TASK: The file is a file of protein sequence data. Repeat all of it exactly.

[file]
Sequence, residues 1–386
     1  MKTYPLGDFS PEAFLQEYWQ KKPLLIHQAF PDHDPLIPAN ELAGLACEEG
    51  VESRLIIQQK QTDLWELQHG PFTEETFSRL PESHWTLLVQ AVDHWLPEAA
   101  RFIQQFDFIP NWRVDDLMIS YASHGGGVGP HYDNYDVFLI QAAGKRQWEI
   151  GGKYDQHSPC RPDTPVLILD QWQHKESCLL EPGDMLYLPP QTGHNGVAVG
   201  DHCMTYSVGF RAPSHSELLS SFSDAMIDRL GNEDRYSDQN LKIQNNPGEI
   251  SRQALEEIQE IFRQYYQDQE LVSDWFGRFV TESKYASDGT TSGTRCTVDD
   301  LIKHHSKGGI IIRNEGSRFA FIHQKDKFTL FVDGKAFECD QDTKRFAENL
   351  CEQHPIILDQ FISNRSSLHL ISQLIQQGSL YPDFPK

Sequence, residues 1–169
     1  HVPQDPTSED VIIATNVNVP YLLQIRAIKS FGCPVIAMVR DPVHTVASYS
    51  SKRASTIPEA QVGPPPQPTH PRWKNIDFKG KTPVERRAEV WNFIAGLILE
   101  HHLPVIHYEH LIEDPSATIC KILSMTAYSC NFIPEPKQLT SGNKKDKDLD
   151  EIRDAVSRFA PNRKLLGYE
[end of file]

Sequence, residues 1–386
     1  MKTYPLGDFS PEAFLQEYWQ KKPLLIHQAF PDHDPLIPAN ELAGLACEEG
    51  VESRLIIQQK QTDLWELQHG PFTEETFSRL PESHWTLLVQ AVDHWLPEAA
   101  RFIQQFDFIP NWRVDDLMIS YASHGGGVGP HYDNYDVFLI QAAGKRQWEI
   151  GGKYDQHSPC RPDTPVLILD QWQHKESCLL EPGDMLYLPP QTGHNGVAVG
   201  DHCMTYSVGF RAPSHSELLS SFSDAMIDRL GNEDRYSDQN LKIQNNPGEI
   251  SRQALEEIQE IFRQYYQDQE LVSDWFGRFV TESKYASDGT TSGTRCTVDD
   301  LIKHHSKGGI IIRNEGSRFA FIHQKDKFTL FVDGKAFECD QDTKRFAENL
   351  CEQHPIILDQ FISNRSSLHL ISQLIQQGSL YPDFPK

Sequence, residues 1–169
     1  HVPQDPTSED VIIATNVNVP YLLQIRAIKS FGCPVIAMVR DPVHTVASYS
    51  SKRASTIPEA QVGPPPQPTH PRWKNIDFKG KTPVERRAEV WNFIAGLILE
   101  HHLPVIHYEH LIEDPSATIC KILSMTAYSC NFIPEPKQLT SGNKKDKDLD
   151  EIRDAVSRFA PNRKLLGYE